Hitler, Mussolini, Trump and Rhetorical and Political Inconsistency

A number of media commenters have pointed out the inconsistencies and contradiction in Donald Trump’s speeches as he tries to drum up support for his presidential campaign. Kyle Kulinski over at Secular Talk, for example, has pointed out how Trump has argued for separate, and opposite positions on the Middle East, healthcare and the economy. For example, on the Middle East he has at one moment declared that America should go in much harder to carpet bomb whole cities, and torture and kill not just terrorists, but also their families. At other moments, sometimes just after he has argued passionately for the preceding policy, he has completely reversed his position. Instead of renewing America’s campaign in the Middle East, he has argued instead that America should not get involved, and instead leave Vladimir Putin to sort out ISIS.

His position on healthcare is similarly muddled. At one point he appeared to be arguing for something like the socialised medical service advocated by the Democrat, Bernie Sanders. He has then immediately reversed his position, and stated instead that he intends to repeal Obamacare, and increase competition and free enterprise. He has since been forced to clarify his position, and has since released a detailed description of his policy. This makes it clear that his policy is based very much on increasing competition, and allowing the insurance companies to deny or increase charges for people with severe and difficult to treat forms of illness. And by the way – this is exactly one of the reasons why supporters of the NHS in England actively oppose the introduction of insurance based health care. It actively denies care to those most in need, the chronically sick.

Trump’s stance on industry and the economy is also unclear. He has said at various points that if he got into power, he would prevent corporations leaving America to keep jobs in the country. At other moments, he’s stated that he intends to keep wages low. The two positions aren’t quite contradictory. Corporations are moving abroad to take advantage of the cheap labour available in the Developing World. So keeping wages low would encourage some companies to stay in America. This would, however, keep blue-collar workers in the in-work poverty into which they’ve been plunged by the Neo-Lib policies of successive administrations.

Hitler’s own policies, as stated in his speeches, were also a mixture of contradictory attitudes and positions. He at once appeared to be anti-capitalist and the defender of capitalism, and tailored his rhetoric to suit the differing audiences in the places where he was speaking. In rural areas with a strong tradition of anti-Semitism, he’d concentrate on stirring up hatred and resentment against the Jews. In industrial areas with a strong background of working class politics, either Socialist or Communist, he’d instead focus on the ‘Socialist’, anti-capitalist elements of the Nazi programme. And in 1929, speaking to a meeting of leading German businessmen, he claimed to be the defender to German private industry against the forces of Marxist Socialism.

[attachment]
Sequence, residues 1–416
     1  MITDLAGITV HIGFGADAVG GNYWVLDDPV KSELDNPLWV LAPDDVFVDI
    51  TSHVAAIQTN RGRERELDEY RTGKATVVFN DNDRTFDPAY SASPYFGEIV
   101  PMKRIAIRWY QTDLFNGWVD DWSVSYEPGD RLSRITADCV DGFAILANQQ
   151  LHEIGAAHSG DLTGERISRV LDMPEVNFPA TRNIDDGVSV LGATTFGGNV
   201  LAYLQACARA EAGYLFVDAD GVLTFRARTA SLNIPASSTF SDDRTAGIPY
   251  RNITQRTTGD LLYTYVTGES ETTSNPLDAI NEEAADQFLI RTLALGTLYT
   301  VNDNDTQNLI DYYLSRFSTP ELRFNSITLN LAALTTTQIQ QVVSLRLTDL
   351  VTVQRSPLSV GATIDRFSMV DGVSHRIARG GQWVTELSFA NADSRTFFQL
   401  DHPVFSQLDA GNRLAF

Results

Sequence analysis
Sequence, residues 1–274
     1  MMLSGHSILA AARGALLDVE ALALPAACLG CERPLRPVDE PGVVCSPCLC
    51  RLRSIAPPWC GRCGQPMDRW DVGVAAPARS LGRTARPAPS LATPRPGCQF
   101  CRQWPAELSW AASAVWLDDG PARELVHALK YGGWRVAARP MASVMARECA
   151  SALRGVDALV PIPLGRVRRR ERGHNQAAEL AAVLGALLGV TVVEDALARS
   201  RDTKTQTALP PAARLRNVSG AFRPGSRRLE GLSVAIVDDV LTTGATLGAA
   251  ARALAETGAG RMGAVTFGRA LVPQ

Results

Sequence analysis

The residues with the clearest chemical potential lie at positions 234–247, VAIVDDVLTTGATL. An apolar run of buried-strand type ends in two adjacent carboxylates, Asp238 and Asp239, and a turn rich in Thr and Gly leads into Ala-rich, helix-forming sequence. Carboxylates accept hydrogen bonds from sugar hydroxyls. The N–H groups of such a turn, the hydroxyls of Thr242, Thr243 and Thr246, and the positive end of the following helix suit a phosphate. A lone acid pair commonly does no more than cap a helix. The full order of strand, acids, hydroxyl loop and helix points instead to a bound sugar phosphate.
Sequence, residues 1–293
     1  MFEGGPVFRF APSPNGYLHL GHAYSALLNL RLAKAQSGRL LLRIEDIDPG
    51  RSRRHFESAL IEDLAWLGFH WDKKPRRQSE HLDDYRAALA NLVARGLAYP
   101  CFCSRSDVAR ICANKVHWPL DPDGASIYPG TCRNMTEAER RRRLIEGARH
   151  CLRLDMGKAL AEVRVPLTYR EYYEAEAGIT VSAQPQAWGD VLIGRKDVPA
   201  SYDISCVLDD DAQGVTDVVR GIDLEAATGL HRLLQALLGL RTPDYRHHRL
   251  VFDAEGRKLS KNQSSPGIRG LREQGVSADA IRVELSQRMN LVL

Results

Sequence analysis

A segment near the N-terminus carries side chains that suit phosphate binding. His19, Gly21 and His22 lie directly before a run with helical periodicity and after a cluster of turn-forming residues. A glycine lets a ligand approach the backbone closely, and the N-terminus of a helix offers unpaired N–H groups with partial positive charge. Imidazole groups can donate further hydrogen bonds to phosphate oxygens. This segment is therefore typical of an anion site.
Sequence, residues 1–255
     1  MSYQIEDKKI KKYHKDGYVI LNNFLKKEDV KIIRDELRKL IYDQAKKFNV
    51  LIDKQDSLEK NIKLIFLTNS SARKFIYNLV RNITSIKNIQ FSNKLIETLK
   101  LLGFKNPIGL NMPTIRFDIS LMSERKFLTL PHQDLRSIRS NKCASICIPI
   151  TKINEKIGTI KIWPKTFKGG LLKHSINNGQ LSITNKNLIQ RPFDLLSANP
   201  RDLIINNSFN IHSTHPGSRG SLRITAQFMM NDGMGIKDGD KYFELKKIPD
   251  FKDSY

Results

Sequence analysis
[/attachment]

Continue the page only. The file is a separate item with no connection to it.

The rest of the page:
Mussolini too changed his position frequently. Denis Mack Smith, in his biography of the Duce, Mussolini (London: Paladin 1983) describes how Mussolini’s frequent changes of position, and adoption of extreme views, came from his attempts to drum up excitement and interest amongst his audience. On page 39 he writes

Mussolini’s journalistic style prompted him to take an extreme position whenever possible. Extremism was always dramatic and eye-catching. He was far more concerned with tactics than with ideas, and his violent changeability was bound to seem confused it measured by strict logic; but he had discovered that readers liked extreme views and rarely bothered much about inconsistency. If he appeared successively as the champion of the League [of nations] and then nationalist, as socialist and then conservative, as monarchist and then republican, this was less out of muddle-headedness than out of a search for striking headlines and a wish to become all things to all men.

And on page 40 he notes that Mussolini

called himself a man for all seasons, ‘an adventurer for all roads’. As he said, ‘I put my finger on the pulse of the masses and suddenly discovered in the general mood of disorientation that a public opinion was waiting for me, and I just had to make it recognise me through me newspaper.

This sounds very much like Trump. And like Mussolini, Trump is also fiercely nationalistic and xenophobic, attacking Mexicans and Muslims, and encouraging the violent expulsion of protestors from his rallies. Trump probably wouldn’t be a ruthless butcher like Hitler or Musso, but he would turn America into a much less free, much more authoritarian and brutal place.

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One Response to “Hitler, Mussolini, Trump and Rhetorical and Political Inconsistency”

  1. 61chrissterry Says:

    Reblogged this on 61chrissterry.

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